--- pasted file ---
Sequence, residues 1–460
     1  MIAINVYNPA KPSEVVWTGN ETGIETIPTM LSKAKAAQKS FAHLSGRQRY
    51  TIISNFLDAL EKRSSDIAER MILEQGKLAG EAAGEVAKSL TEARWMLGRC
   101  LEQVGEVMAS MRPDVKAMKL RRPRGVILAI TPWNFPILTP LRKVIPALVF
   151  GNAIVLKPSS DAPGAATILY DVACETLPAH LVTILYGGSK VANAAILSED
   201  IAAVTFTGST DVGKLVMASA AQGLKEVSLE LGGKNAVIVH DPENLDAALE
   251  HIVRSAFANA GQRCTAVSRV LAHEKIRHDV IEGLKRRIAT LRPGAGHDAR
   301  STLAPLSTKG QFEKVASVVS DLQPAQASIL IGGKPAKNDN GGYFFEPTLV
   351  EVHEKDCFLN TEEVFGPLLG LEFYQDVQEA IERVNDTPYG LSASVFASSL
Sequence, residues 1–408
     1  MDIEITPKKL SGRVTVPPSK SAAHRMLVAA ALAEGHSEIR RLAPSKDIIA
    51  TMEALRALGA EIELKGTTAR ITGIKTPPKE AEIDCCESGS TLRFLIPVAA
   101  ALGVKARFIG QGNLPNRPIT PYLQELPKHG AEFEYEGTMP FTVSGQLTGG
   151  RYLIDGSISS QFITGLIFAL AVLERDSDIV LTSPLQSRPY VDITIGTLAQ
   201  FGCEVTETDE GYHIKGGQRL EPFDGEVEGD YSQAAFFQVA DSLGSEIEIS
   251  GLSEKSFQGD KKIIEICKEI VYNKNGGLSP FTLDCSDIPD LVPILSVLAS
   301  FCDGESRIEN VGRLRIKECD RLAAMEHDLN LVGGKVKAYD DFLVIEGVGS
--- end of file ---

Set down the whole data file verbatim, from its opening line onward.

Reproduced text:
Sequence, residues 1–460
     1  MIAINVYNPA KPSEVVWTGN ETGIETIPTM LSKAKAAQKS FAHLSGRQRY
    51  TIISNFLDAL EKRSSDIAER MILEQGKLAG EAAGEVAKSL TEARWMLGRC
   101  LEQVGEVMAS MRPDVKAMKL RRPRGVILAI TPWNFPILTP LRKVIPALVF
   151  GNAIVLKPSS DAPGAATILY DVACETLPAH LVTILYGGSK VANAAILSED
   201  IAAVTFTGST DVGKLVMASA AQGLKEVSLE LGGKNAVIVH DPENLDAALE
   251  HIVRSAFANA GQRCTAVSRV LAHEKIRHDV IEGLKRRIAT LRPGAGHDAR
   301  STLAPLSTKG QFEKVASVVS DLQPAQASIL IGGKPAKNDN GGYFFEPTLV
   351  EVHEKDCFLN TEEVFGPLLG LEFYQDVQEA IERVNDTPYG LSASVFASSL
Sequence, residues 1–408
     1  MDIEITPKKL SGRVTVPPSK SAAHRMLVAA ALAEGHSEIR RLAPSKDIIA
    51  TMEALRALGA EIELKGTTAR ITGIKTPPKE AEIDCCESGS TLRFLIPVAA
   101  ALGVKARFIG QGNLPNRPIT PYLQELPKHG AEFEYEGTMP FTVSGQLTGG
   151  RYLIDGSISS QFITGLIFAL AVLERDSDIV LTSPLQSRPY VDITIGTLAQ
   201  FGCEVTETDE GYHIKGGQRL EPFDGEVEGD YSQAAFFQVA DSLGSEIEIS
   251  GLSEKSFQGD KKIIEICKEI VYNKNGGLSP FTLDCSDIPD LVPILSVLAS
   301  FCDGESRIEN VGRLRIKECD RLAAMEHDLN LVGGKVKAYD DFLVIEGVGS